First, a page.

- Responsibilities of the Diversity and Human Rights Advisor (DHRA)
The DHRA is responsible for developing and facilitating education and prevention initiatives around issues of discrimination, harassment, equity, diversity, and human rights. The DHRA provides advice and assistance to all members of the University Community on matters relating to human rights, equity, and diversity. The DHRA may consult, provide guidance for early resolution of issues, provide educational opportunities, facilitate conversations, mediate between parties in conflict, conduct workplace assessments and internal investigations, or coordinate the services of an external facilitator or group in providing any of these services.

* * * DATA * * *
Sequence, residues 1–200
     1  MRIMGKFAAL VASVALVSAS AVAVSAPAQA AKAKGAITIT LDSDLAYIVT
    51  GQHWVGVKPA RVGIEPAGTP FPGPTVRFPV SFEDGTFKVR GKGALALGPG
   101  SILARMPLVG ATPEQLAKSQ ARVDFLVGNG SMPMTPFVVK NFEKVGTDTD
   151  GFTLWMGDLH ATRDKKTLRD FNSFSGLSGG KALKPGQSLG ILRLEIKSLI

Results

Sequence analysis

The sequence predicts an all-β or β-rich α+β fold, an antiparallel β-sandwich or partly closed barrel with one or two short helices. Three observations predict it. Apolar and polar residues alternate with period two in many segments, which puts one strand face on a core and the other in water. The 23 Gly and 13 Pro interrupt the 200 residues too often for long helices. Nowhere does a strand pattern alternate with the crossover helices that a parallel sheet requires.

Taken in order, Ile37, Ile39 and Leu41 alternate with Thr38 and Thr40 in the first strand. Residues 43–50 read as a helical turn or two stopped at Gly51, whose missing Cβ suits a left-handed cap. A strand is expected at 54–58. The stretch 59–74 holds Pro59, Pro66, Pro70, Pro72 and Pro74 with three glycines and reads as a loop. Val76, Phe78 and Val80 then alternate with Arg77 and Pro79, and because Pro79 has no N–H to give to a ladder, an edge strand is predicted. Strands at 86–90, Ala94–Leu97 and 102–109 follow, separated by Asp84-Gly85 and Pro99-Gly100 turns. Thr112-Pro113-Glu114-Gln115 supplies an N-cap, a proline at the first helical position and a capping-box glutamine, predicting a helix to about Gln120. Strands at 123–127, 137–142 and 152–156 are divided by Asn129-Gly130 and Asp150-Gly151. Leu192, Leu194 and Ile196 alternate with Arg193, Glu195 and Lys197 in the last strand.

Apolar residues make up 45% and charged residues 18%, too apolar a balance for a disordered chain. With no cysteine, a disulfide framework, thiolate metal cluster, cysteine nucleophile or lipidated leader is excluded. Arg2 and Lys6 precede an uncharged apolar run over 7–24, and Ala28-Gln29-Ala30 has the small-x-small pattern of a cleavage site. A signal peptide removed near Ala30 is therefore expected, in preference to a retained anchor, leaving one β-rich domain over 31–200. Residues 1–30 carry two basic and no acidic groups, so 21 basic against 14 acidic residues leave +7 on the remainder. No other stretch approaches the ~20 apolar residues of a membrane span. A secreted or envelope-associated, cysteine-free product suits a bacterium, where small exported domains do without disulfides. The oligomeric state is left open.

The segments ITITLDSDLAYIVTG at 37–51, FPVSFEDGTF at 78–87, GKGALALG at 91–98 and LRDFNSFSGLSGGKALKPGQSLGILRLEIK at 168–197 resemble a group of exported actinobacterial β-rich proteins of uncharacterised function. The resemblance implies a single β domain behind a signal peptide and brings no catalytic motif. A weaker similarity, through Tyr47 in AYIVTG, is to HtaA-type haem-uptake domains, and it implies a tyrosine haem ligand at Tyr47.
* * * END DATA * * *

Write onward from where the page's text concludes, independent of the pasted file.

3. Manitoba Legislation and this Policy
At Brandon University the Discrimination and Harassment Prevention Policy and related procedures are informed and guided by the MHRC and the WSH Act and Regulations. These two pieces of legislation apply to and prevail over all provincial legislation (with few exceptions), as well as over University policies and collective agreements. Subject to applicable legislation, all processes in this policy shall be pursued in accordance with the respective collective agreements entered into between the University and its employees and all University Policies and Procedures.
The MHRC governs any discrimination or harassment that is based on the “prohibited grounds” listed in the Code. The WSH Act and Regulations prohibit both harassment based on the prohibited grounds, and what will be termed here as “Personal Harassment”, and also speaks to what is not considered harassment.
- Discrimination and Harassment (Prohibited Grounds)